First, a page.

About a mile south of our house is an arroyo that begins in the foothills before cutting through a mostly residential corner of the city and winding its way west to merge with Cienega Creek. When we arrived not long ago, it was winter, and there were only a few species of birds we’d regularly see there: white-crowned sparrows and juncos, canyon towhees, the odd ladder-backed woodpecker. Now—in mid-May, the height of spring migration—things have changed. Though still relatively species-poor in the grand scheme of things, birding in the arroyo has become much more interesting. There are MacGillivray’s, Wilson’s, and orange-crowned warblers; Cassin’s kingbirds; hermit thrushes. Some of these species may just be passing through on their way elsewhere, while some may stick around and breed. But for the moment, the arroyo is full of (feathered) life.
I’ve been thinking about this ephemeral diversity in the light of a comment Zach Wurtzebach made while we were preparing for last week’s webinar on 30 by 30. Zach pointed out that prioritizing lands for protection is difficult, and that seemingly objective criteria like biodiversity can be anything but. Though I had a momentary impulse to object, he was obviously right, and making an important point: in practice, the quantification of nature involves countless human choices. To briefly illustrate this, let’s consider some of the ways in which biodiversity is actually measured.
Right off the bat, it’s helpful to ask a more focused question. Because biodiversity is a concept that can be applied to different scales of biological organization, we need to decide whether we care about species, or families, or habitats, or genes, or whatever. After we’ve decided what we’re tallying up, we still have to decide how to tally it. We might simply want to know how many species there are in the arroyo, a metric unsurprisingly called species richness. But maybe we also want to take into account how many individuals of each species there are, because if 90 out of 100 birds from the 10 different species we see are robins, it will mean something different (for how species interact, for conservation significance, for birdwatching pleasure) than if only 10 of them are. To do so, we’d want to use something like the Shannon index instead. Yet the Shannon index can give us an inaccurate picture of how diversity changes over time (throughout the year in the arroyo, perhaps), so maybe we should actually use the geometric mean index 𝐺𝑗—itself an imperfect and incomplete representation of a multidimensional abstraction.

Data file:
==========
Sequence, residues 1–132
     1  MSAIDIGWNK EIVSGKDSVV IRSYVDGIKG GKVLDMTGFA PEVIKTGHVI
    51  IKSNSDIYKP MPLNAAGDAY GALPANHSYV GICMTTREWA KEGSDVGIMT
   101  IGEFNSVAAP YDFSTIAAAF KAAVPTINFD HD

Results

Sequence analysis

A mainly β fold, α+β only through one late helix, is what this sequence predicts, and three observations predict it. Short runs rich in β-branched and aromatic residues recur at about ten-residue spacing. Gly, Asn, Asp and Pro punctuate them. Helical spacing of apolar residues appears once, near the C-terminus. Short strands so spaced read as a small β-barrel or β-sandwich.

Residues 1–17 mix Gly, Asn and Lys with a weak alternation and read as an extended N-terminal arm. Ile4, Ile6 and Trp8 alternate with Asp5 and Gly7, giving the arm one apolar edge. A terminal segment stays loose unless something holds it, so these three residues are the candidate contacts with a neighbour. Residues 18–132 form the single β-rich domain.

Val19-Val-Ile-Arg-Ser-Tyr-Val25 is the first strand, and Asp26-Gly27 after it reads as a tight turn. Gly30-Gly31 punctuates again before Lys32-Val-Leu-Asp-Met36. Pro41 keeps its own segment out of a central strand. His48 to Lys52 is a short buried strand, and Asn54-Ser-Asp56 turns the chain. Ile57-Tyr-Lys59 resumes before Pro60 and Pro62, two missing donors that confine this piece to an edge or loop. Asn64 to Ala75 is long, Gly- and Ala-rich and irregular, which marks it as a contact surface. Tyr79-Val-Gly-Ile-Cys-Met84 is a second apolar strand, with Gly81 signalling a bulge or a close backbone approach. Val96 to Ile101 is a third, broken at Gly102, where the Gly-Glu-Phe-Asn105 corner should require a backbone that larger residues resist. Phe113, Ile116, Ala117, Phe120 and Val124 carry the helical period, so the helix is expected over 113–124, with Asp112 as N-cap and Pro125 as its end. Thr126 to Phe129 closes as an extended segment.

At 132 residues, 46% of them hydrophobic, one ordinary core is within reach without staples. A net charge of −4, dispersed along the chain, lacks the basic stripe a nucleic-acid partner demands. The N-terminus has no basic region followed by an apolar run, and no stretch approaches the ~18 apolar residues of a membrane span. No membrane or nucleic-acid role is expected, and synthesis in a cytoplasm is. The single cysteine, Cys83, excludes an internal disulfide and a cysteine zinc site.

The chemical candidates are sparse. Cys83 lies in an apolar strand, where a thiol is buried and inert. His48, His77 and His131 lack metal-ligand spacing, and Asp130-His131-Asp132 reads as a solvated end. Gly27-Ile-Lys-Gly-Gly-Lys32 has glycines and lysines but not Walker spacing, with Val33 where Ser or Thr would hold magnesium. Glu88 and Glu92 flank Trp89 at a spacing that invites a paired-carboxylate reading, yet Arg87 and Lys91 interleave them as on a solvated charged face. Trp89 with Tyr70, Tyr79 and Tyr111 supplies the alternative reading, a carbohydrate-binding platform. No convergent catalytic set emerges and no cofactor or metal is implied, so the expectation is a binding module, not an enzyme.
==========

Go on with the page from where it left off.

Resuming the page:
At the risk of being redundant, the upshot here is that effectively applying measures of biodiversity in research requires some thought, and that different measures may give you contradictory answers to the question of how biodiverse a given place or landscape is. These contradictions can make conservation planning challenging, but provide the sort of tension that generates interesting science. For example, a recent paper on patterns of bird and plant diversity in lowland rainforest in New Guinea found that while diversity at any given site was extremely high (“alpha” diversity), there was very little change in the assortment of species present at different sites, even if they were far apart (low “beta” diversity). This high / low pairing isn’t the only possibility, but you could speculate that sometimes different combinations of these metrics reflect interesting biology or other constraints—e.g., maybe if you have enough species, some of them will have large ranges, which will put a ceiling on beta diversity.
Which brings us back to the arroyo, and migration. Even the sophisticated application of metrics like and alpha and beta diversity can’t easily capture the interdependency of diversity in different places; the idea that May bird diversity in an arroyo in New Mexico is linked to June bird diversity in Canada or January bird diversity in Oaxaca. Articulating these connections—or determining the overall conservation importance of a landscape—requires a diverse toolkit and flexible sense of what you’re assessing. We would do well to bind these concepts to value systems with care.